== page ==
Education secretary Gavin Williamson has launched a major review to address problems in the support available for children and young people with special educational needs and disabilities.
The government will look at how it can use “incentives and accountability” to make sure schools provide the best possible support for children with SEND.
In an announcement today, the Department for Education also said that it would look to "strike the right balance of state-funded provision across inclusive mainstream and specialist places."
The review comes after a warning from councils that funding constraints and accountability pressures have reduced good quality provision in mainstream schools for children with SEND.
Extra funding for SEND pupils
Last week the government announced £700 million in 2020-21 for pupils with SEND.
Mr Williamson admitted that SEND reforms introduced in 2014, which saw the introduction of education, health and care plans (EHCP), have faced difficulties.
He said: “I want parents to know that we’re committed to boosting outcomes and ensuring the right support is in place for children with special educational needs, by breaking down the barriers to a good education and making sure the system works for families.
"That is why the prime minister committed to providing an extra £700 million next year, an 11 per cent increase, to make sure these children can access the education that is right for them.
“Our reforms in 2014 gave vital support to more children, but we know there have been problems in delivering the changes that we all want to see.
"So it’s the right time to take stock of our system and make sure the excellence we want to see as a result of our changes is the norm for every child and their families.”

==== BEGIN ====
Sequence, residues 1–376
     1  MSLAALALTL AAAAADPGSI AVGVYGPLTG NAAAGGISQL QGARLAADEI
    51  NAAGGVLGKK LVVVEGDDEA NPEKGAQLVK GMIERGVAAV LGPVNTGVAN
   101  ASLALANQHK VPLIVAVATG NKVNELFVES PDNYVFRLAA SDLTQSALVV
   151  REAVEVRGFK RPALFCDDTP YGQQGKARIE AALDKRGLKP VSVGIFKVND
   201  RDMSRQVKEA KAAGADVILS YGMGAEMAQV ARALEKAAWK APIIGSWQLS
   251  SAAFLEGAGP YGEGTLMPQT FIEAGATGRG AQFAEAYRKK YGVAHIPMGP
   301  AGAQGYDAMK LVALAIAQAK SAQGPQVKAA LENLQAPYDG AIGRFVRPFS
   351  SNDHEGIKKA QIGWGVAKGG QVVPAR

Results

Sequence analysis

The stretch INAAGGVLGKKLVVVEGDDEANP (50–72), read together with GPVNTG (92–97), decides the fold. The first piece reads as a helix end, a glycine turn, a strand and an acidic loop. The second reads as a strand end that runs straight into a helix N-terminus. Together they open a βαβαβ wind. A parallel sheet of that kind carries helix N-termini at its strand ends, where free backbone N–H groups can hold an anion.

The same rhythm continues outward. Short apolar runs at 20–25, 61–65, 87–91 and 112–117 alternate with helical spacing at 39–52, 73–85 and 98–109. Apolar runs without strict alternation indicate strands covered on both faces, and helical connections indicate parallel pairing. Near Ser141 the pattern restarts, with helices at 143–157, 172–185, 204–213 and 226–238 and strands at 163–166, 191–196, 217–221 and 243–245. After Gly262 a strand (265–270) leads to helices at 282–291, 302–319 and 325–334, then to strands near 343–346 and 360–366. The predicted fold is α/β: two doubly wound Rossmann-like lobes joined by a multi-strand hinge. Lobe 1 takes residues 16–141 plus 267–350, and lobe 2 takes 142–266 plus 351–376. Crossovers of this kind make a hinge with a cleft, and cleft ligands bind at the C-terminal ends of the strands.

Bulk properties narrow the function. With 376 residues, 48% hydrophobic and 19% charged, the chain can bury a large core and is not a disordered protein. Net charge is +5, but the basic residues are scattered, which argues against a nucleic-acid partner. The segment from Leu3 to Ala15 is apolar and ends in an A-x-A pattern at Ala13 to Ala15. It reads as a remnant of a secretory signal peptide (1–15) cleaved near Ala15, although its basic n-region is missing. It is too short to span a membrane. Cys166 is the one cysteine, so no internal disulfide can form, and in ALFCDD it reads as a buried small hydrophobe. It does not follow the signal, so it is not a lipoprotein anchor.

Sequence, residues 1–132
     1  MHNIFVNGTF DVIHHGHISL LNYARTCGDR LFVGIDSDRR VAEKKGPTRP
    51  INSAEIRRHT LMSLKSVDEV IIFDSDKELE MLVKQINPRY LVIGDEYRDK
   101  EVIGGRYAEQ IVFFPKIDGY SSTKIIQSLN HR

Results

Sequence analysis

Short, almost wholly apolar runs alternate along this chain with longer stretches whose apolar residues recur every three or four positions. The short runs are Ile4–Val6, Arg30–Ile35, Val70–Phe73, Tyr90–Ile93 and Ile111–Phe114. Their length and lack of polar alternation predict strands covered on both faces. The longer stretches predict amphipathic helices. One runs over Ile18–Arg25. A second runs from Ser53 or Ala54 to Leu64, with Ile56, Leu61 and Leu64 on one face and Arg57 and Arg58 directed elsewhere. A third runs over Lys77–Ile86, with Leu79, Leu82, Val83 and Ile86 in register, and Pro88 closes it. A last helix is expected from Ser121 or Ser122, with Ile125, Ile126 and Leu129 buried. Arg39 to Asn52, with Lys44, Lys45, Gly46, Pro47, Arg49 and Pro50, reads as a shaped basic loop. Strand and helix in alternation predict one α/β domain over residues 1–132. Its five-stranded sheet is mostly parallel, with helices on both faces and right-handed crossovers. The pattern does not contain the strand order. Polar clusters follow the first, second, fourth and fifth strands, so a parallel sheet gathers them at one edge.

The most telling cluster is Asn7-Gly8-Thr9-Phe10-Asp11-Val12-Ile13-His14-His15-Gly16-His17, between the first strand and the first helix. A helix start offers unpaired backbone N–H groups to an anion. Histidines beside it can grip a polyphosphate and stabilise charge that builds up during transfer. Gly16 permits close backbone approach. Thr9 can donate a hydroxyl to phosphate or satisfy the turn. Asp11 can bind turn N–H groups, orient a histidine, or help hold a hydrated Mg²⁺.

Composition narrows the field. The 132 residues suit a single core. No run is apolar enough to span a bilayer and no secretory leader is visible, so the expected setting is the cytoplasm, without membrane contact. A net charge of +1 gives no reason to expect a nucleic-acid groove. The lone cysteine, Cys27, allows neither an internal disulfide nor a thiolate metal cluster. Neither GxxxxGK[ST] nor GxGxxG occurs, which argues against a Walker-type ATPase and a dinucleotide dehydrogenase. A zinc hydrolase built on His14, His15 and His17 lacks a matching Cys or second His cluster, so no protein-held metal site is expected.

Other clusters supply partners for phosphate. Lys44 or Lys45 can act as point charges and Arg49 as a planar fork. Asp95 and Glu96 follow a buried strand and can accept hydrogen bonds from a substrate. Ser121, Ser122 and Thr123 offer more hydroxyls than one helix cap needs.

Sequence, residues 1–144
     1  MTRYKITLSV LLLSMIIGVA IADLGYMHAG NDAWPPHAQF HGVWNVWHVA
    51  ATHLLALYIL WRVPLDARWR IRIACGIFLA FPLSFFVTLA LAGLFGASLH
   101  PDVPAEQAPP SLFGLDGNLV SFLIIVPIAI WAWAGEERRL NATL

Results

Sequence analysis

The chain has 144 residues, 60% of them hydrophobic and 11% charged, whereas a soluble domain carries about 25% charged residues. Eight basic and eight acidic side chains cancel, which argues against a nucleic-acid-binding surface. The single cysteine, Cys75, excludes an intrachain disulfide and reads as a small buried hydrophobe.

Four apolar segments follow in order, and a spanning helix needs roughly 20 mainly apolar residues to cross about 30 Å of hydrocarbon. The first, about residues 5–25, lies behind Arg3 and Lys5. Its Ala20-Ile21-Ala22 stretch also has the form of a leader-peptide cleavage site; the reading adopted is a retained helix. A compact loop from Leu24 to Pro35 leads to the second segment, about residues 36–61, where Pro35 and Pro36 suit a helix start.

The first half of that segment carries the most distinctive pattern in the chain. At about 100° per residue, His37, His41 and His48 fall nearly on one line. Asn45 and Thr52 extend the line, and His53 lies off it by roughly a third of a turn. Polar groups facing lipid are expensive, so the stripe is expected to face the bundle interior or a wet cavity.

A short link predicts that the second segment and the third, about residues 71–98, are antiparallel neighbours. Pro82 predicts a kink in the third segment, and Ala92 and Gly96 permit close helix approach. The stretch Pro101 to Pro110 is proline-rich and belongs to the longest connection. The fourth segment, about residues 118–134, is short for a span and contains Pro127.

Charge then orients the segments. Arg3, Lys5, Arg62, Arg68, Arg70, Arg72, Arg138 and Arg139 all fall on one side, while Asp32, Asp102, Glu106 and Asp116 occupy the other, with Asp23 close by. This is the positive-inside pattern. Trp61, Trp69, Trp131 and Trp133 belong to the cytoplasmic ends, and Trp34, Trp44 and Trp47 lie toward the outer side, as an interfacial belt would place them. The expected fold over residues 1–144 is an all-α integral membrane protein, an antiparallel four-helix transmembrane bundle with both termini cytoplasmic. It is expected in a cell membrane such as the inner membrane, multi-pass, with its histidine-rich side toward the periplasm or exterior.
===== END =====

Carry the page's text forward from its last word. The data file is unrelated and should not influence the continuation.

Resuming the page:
The DfE has said that it wants to ensure that support in different local areas is consistent, that there is joined-up support across health, care and education services, and “that high-quality health and education support is available across the country”.
The review will also look to help parents to make decisions about what kind of support will be best for their child.
The department said it also wants to understand what is behind the rise in demand for EHCPs.
It comes after the Local Government Association called on the DfE to make schools more accountable for pupils with SEND to ensure a more inclusive education system.
Campaigners have welcomed the announcement but called on the DfE to follow up with action.
Ian Noon, chief policy adviser at the National Deaf Children’s Society, said: "After years of cuts, years of parents being pushed to breaking point, and years of underachievement because children have just not being given the support they need to thrive, this review and £700 million investment couldn't be more important.
"But for this to be a success, families need to be at the heart of this review and have their experiences listened to. The last major government review of special needs education five years ago saw huge upheaval to the system, but little improvement to how many children were supported.
"This all has the potential to be a game-changer for children with special needs. But only if we see immediate action from government, not a review that goes on interminably.
"These children need an increase to their support and it needs to reach the frontline so we get more specialist teachers across the country delivering the 'superb' education Boris Johnson has promised."